Originally published at allaboutestates.ca on March 3, 2014
Last weekend I was having coffee with a friend who is having surgery in the near future. She asked what I knew about Advanced Care Planning and asked me whether she thought her lawyer could assist. I did not hesitate to say that this is a very complex issue and while legal documentation is needed, I believe the first person to approach is the family doctor.
In our day to day travels, while many of us read blogs, posts and articles, for any particular subject, it is only when the time is upon us, that many of us choose to act. In this case, it was about completing her Advanced Directives. As readers know, this is a favorite topic for me:
End of Life Discussion – October 8, 2014
Advanced Care Planning, Alberta Style – May 5, 2014
Death & Dying, the Canadian Perspective – Nov 15, 2013
Personal Care POA -Oct. 22, 2013
Family Conflict, Part 2, Some Ways to Move Forward- Oct. 6, 2011
The Canadian Hospice Palliative Care Association has a terrific website that provides extensive information on understanding what Advance Care Planning is and how to make a plan. It includes steps including: when to start thinking about it; learning about end of life care options and procedures; choosing who to appoint; terms and definitions; involving others; documenting your wishes and, as well, providing answers to many commonly asked questions. Doctors are being given additional tools.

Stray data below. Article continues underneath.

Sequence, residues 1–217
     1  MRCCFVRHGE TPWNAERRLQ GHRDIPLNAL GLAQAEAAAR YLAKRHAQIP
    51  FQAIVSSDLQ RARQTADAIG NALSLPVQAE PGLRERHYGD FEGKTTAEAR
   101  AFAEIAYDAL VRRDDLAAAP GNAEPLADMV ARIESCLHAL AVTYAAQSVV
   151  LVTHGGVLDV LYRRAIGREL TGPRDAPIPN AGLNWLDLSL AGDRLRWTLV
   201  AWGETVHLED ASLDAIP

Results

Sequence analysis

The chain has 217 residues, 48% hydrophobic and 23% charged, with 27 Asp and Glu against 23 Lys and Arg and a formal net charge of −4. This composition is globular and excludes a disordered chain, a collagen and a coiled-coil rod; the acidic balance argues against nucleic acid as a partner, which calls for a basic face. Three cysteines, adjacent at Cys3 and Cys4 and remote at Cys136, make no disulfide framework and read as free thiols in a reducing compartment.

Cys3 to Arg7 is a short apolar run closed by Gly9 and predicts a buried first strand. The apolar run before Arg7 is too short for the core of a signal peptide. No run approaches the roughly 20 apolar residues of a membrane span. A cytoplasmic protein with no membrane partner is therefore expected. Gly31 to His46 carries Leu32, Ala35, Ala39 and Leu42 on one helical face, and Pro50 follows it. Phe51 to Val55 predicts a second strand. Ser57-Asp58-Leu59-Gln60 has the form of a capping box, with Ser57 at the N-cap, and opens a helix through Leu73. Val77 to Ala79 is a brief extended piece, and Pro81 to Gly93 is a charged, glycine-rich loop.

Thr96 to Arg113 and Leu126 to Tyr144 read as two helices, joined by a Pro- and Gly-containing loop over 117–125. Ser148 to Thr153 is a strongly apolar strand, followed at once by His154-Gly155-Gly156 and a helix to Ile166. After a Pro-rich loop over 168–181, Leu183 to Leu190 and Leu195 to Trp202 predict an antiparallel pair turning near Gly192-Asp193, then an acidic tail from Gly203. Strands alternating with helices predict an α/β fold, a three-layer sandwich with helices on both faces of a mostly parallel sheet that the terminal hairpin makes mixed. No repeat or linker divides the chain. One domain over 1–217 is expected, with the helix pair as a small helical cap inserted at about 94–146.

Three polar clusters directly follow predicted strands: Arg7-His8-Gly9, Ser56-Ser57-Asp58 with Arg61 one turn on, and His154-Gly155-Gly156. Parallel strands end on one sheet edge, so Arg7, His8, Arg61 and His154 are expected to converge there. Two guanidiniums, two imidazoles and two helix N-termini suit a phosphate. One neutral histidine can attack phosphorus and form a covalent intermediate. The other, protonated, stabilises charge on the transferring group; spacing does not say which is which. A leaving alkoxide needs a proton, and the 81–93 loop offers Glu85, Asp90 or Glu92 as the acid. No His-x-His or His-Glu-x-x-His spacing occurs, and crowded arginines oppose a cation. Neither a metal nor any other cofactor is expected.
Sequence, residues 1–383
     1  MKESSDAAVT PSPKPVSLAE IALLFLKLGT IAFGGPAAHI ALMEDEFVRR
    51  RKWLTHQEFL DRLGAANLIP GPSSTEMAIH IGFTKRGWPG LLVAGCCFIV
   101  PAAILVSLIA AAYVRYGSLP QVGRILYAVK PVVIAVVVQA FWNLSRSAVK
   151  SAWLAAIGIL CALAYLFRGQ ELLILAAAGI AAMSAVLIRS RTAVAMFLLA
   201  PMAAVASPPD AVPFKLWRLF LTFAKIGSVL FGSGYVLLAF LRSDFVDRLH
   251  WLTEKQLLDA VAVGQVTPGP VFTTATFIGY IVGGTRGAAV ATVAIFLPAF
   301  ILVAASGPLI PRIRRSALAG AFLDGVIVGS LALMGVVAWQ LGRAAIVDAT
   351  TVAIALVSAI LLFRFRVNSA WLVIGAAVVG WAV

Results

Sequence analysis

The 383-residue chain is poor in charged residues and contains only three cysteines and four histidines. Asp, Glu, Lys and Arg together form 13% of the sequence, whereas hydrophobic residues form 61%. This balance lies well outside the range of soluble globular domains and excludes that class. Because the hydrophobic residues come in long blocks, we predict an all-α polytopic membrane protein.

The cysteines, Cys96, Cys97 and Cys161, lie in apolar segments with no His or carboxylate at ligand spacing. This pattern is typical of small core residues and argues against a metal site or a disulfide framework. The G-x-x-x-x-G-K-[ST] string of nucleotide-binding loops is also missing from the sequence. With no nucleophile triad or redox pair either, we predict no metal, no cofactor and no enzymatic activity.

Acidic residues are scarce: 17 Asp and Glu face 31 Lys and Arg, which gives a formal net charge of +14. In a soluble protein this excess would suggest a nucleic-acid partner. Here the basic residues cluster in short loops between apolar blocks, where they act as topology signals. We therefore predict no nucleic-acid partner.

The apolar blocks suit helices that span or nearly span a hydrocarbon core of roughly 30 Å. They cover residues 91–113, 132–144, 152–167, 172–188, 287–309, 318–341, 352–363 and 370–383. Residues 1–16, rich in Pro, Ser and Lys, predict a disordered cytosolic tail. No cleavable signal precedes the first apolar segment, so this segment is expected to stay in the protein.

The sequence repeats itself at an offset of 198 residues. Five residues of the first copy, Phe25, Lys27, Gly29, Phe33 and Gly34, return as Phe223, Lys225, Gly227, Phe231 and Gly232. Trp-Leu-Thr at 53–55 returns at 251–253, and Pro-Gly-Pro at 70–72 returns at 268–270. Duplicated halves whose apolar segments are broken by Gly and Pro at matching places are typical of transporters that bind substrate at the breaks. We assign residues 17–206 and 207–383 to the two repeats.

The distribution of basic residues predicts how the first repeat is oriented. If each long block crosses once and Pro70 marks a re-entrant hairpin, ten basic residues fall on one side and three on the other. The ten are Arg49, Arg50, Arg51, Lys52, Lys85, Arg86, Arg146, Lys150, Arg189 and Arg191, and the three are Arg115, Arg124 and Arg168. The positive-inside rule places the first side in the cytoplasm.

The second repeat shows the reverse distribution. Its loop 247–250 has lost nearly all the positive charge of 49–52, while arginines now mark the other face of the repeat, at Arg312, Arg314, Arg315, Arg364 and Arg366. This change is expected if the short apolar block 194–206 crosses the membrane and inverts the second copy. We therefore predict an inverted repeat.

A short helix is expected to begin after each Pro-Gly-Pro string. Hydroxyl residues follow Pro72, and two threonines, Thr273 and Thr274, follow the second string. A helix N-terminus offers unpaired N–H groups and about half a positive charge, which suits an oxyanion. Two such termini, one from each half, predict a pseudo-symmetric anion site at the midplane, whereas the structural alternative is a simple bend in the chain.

The i-GAP (Improving advance care planning in general practice) is a research project intended to increase the participation of doctors in discussing this with their patients. Participating doctors will have access to new tools and as I understand it, learn ways to improve communication with their patients and their families in discussing and addressing their key medical issues and questions.
In addition, Carenet (Canadian Researchers at the End of Life Network) is a group of health care professionals across the country working together to improve end of life care and are completing research on primary care, acute care, long term care, critical care and cancer care.
What doctors may not have is the necessary time to sit down, discuss and review and review again, the many questions that patients have. I also don’t know if/how their time is covered by the Ministry Health Insurance Plan. I hope my friend reads this blog. I look forward to your comments and to hear about your experiences.Leave a reply